‘Death House’ Interview: Driven Director Harrison Smith Part II

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Harrison Smith’s ‘Death House’ is one of horror’s hottest properties. At Days of the Dead Louisville 2016, we were able to sit with the hardworking director to talk film, horror’s current state, and all things ‘Death House’. Welcome to our ‘Death House’ director interview part II.

Reading to be horror’s number one home for fright and fear, Death House is almost upon us. Featuring a stunning 16 genre-vets, with more work experience combined than almost all of Hollywood, Death House is the can’t miss event our genre needs. We all must move into horror’s new delightfully dilapidated home.

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And that house’s carnage contractor is none other than Harrison Smith. The director of Camp Dread and Zombie Killers: Elephant’s Graveyard, Smith is bringing his amazingly fun-looking Death House to you very soon.

Recently I was pleased and grateful to have spent about an hour with Smith talking all things Death House. Two days ago we brought you Part 1 our interview with the director, and today, we begin to finish what we started. Welcome back to 1428’s exclusive interview with Death House Director Harrison Smith.

Harrison Smith directs Tony Todd on the set of ‘Death House’- Courtesy of Entertainment Factory


Joey Click: Speaking about your cast of ‘Death House’, if you were to measure the cast’s filmmaking experience physically, it would stretch for miles. It’s truly impressive just how much the cast has worked in the last 40-50 years. Did you go after specific actors for specific roles or did you figure that out once everyone signed on?

HS: Think the best answer would be, when you’re dealing with such a large ensemble group, it’s hard to throw a spotlight on one actor. If you do, others can feel like an after thought, so to speak. There’re no after thoughts here. So what we went for is, we have agents involved. Already pre-involved even before I came to it. So there were already part and parcel situations set up with talent. But, we reached out to everybody in the industry. We said, “This is what we’re doing. We want you to be involved, but there are only so many starring roles in the film. But we want you to be a part of it, and not just a cameo in the background.” We didn’t want people to feel like they would be in a scene just drinking a drink or whatnot. So, yeah of course we went after specific people. The headliners of horror.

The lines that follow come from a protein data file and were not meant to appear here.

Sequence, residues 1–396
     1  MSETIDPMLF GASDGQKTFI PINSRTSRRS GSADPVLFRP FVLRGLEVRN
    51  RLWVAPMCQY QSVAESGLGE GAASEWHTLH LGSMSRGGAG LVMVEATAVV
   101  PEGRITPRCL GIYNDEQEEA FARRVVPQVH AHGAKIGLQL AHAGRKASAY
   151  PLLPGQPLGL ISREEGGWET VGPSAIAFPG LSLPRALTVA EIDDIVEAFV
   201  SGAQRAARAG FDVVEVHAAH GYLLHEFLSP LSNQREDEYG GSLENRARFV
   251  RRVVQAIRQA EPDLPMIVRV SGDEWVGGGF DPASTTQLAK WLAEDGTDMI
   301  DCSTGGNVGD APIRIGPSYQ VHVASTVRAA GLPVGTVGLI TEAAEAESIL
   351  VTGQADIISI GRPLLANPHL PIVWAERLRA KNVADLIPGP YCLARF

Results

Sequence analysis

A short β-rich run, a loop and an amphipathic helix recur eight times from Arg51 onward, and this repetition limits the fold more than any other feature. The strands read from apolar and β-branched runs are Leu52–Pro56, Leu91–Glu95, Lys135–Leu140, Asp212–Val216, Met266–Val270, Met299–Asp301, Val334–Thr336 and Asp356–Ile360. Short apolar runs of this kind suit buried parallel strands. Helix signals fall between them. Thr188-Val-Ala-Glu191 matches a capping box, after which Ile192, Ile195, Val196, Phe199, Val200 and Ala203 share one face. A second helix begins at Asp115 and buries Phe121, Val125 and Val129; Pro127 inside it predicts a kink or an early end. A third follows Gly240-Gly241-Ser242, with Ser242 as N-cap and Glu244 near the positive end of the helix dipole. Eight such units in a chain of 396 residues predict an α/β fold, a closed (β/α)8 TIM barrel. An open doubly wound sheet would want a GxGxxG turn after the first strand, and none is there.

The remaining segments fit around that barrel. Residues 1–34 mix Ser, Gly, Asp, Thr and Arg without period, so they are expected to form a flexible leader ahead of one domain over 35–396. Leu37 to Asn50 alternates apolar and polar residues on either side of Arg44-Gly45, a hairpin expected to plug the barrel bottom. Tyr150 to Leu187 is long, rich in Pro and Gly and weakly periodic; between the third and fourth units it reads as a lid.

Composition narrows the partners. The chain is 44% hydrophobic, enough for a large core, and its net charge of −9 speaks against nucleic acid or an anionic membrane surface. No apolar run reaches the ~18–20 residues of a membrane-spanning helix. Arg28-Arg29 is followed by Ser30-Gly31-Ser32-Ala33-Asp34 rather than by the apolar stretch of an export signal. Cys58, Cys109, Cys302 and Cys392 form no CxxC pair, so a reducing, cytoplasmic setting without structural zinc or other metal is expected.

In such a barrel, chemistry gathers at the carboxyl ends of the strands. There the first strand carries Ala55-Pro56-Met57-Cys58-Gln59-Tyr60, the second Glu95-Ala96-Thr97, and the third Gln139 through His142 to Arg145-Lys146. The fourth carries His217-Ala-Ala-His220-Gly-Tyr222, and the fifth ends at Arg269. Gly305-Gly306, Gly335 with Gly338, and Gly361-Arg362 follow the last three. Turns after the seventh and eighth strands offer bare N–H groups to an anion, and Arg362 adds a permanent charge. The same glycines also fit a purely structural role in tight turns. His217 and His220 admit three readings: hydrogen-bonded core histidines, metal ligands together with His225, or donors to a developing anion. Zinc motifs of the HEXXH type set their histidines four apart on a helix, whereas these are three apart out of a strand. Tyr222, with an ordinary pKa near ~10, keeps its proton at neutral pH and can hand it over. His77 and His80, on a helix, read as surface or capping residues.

JC: I suppose a better way to phrase the question would be, did you read the script, or when you wrote it, were you thinking of specific actors for roles? Like Kane would be better for this role?

HS: Oh Yeah!. We really liked Kane for Sieg. Because…well here’s an interesting a story. A sidebar, but it pertains to what you’re asking. So the editor on ‘Death House’, he’s about 25. Around there. So he says to me one day, “Hey Harrison, I have a question. It doesn’t make any sense. So I put this movie together, and Kane can regenerate. You never really explained that.” So, I say to him, “Yeah we do. We mention that he dabbled in Nazi cultism and probably stumbled onto something. That’s why he believes he’s immortal. And he goes, “Yeah but should’t you explain that.” And I go, “Let me ask you something. Are you a ‘Friday the 13th’ fan? Did they ever explain how Jason went from a skinny kid to a hulking brute? What did he have a gym under Crystal Lake?”

JC: Hahaha that’s hilarious. To that point, a lot of people seem to undervalue tone in film. They don’t seem to get its impact on an audience’s enjoyment of a film. By looking at the ‘Death House’ trailer, I can certainly see that the film is nothing if not fun’. Much like the ‘Friday the 13th’ films.

HS: It Is fun! So, in other words, didn’t they basically cut Jason’s head off in ‘The Final Chapter’ and then resurrect him in ‘Jason Lives’? So when Kane wares a mask you have no questions, but when he doesn’t wear a mask, you have all these question?